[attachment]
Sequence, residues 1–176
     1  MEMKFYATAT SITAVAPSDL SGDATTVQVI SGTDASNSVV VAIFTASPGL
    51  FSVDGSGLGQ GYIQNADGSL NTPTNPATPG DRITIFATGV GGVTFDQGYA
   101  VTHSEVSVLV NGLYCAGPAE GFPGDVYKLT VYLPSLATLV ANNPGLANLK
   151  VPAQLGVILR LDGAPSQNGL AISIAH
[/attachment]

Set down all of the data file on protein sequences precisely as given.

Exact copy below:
Sequence, residues 1–176
     1  MEMKFYATAT SITAVAPSDL SGDATTVQVI SGTDASNSVV VAIFTASPGL
    51  FSVDGSGLGQ GYIQNADGSL NTPTNPATPG DRITIFATGV GGVTFDQGYA
   101  VTHSEVSVLV NGLYCAGPAE GFPGDVYKLT VYLPSLATLV ANNPGLANLK
   151  VPAQLGVILR LDGAPSQNGL AISIAH